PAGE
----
Found this article awhile back and thought it was an interesting idea…
The Silmarillion » Humans » House of Bëor
daughter of Belegund, the nephew of Barahir, she was the wife of Huor (of the Hador) and mother of Tuor (who married Idril the elf). Rían is the grandmother of Eärendil (Elrond’s father), which is where part of his Edain (Human) bloodline comes from.
Rían was born around 450 of the First Age. She was gentle of heart and loved neither war or hunting. She loved the trees and the flowers of the wild often sang songs. After the disasterous Dagor Bragollach (“Battle of Sudden Flame” in 455 FA), Rían and her cousin Morwen were refugees along with Emeldir and others of the House of Bëor. Most went to Brethil, but the two cousins, however, continued on and fled to Dor-lómin. It was here, the home of the House of Hador, where she met Huor. They were married only two months when Huor left with his brother Húrin to fight in the Nirnaeth Arnoediad. When she did not hear news of her husband she fled into the wild but was aided by the Grey-elves of Mithrim. There she bore her son Tuor and he was raised by the Elves. Rían learned from the Elves that Huor had died in the Battle so she left Mithrim and went to Haudh-en-Ndengin, the Mound of the Slain, where the bodies of Elves and Men from the War were buried. She laid herself upon it and died of grief.
The Silmarillion » Humans » House of Bëor
Morwen “Dark Maiden”
also called Eledhwen (“Elfsheen”) because of her great beauty and the “Lady of Dor-lómin”. She was the daughter of Baragund and the wife of Húrin Thalion (of the Hador). Her children were Túrin and Nienor, who were cursed with a doomed fate. When Húrin was captured and brought to Morgoth during the Nirnaeth Arnoediad, Morgoth placed a curse on him, Morwen, and their children saying, “The shadow of my thought shall lie upon them wherever they go, and my hate shall pursue them to the ends of the world.” Húrin was forced to sit and watch all the evils that befell his family through Morgoth’s eyes.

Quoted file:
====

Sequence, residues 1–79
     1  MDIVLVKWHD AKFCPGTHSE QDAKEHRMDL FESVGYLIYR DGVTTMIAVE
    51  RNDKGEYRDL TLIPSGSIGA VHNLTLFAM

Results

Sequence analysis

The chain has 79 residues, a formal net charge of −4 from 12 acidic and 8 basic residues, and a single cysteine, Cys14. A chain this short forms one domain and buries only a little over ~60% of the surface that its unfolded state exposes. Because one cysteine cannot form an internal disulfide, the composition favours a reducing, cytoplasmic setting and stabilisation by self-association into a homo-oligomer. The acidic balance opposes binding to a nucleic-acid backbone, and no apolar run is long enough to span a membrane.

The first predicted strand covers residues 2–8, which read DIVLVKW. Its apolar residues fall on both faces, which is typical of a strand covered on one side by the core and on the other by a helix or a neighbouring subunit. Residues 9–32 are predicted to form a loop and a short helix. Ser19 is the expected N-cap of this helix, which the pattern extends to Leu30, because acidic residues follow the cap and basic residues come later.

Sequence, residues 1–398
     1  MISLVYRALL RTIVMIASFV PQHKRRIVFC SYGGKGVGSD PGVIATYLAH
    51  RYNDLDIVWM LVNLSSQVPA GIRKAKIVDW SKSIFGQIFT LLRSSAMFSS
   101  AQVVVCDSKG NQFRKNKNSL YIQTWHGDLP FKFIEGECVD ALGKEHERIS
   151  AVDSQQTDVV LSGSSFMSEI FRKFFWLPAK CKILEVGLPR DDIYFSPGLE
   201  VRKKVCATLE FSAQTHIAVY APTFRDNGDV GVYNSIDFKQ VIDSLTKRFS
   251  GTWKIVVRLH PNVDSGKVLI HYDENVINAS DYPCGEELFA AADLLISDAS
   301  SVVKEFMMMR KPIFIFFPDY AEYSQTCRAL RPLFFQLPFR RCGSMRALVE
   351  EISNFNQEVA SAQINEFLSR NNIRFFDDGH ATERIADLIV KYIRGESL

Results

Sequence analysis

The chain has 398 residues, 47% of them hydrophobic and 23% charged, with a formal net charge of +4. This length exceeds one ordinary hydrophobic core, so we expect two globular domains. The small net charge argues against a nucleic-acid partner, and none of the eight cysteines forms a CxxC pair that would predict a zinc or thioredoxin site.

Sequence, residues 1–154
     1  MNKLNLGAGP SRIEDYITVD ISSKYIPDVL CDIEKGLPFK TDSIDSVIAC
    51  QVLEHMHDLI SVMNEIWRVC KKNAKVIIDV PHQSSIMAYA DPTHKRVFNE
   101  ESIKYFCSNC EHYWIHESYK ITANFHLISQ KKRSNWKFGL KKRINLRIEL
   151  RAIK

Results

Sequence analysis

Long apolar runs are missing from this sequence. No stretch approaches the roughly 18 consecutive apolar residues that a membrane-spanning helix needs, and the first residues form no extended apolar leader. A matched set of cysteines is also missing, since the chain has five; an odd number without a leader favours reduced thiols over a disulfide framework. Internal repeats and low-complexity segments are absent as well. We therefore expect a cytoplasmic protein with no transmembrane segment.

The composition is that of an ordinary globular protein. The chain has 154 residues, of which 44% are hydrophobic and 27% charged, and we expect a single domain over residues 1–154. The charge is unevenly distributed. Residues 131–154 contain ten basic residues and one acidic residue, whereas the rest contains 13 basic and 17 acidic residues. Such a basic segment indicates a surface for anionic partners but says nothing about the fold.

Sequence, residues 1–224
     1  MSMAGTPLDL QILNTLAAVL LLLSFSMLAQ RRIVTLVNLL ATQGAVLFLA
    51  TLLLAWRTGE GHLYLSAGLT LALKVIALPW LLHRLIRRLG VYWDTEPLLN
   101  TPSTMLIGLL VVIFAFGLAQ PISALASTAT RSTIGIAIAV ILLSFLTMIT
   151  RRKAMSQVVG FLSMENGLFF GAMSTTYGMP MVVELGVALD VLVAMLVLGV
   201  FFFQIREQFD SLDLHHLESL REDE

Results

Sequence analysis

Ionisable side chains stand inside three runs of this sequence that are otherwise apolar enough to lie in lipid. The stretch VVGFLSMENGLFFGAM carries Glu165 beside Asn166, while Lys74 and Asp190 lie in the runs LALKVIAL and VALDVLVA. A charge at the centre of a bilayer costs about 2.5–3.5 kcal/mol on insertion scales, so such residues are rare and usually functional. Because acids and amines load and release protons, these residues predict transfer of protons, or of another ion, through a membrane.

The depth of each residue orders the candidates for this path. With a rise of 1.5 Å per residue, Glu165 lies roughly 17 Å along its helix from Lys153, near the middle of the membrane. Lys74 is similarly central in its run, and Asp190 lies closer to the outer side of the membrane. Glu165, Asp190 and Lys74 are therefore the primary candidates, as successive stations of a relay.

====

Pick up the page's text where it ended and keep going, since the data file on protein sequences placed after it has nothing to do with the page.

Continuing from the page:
Morwen was dark-haired and beautiful, and also very strong-willed and stern. She did not show her emotions and seemed cold. When Morwen was young, she and her cousin Rían fled to Dor-lómin to escape the disasterous Dagor Bragollach, which had destroyed her House and homeland. It was there, the home of the House of Hador, were she met Húrin. They were married and their son Túrin was born in 464 FA. Their daughter Urwen, called Lalaith, was born soon after but died from a pestilence when she was three. After the Nirnaeth Arnoediad broke out and Húrin was captured, Easterlings invaded Dor-lómin. Morwen was so great in beauty and majesty that the Easterlings were afraid and thought her a witch. She was left alone and poor, since Húrin was captured, but she was aided by Aerin. Afraid that her son Túrin (now nine years of age) would be captured and enslaved, she sent him away to Thingol in Doriath. After he left, Morwen gave birth to her daughter, Nienor. Soon news of Túrin’s arrival to Doriath reached Morwen and she was relieved. Melian, Thingol’s wife, sent a message bidding Morwen to come to Doriath as well, but Morwen decided to stay in Dor-lómin because Nienor was still just a baby. Túrin was raised by Thingol but still corresponded with his mother through messages, which is how he learned of his sister Nienor.
After time, Morwen and Nienor fled to Doriath but found that Túrin was gone, for he had traveled to Nargothrond. After the defeat of Nargothrond by Morgoth and the dragon Glaurung, Morwen became worried and fled into the wild to seek her son. Thingol sent Mablung to guard her and made Nienor stay behind. However, Nienor secretly disguised herself and went along. Morwen eventually found out about Nienor but could not persuade her to go back. During their journey, the dragon Glaurung flew over them and his mist and shadows separated Morwen and Nienor from the company. Word was brought back to Thingol that they were lost but Nienor had befallen a spell of ‘forgetfulness’ by the dragon.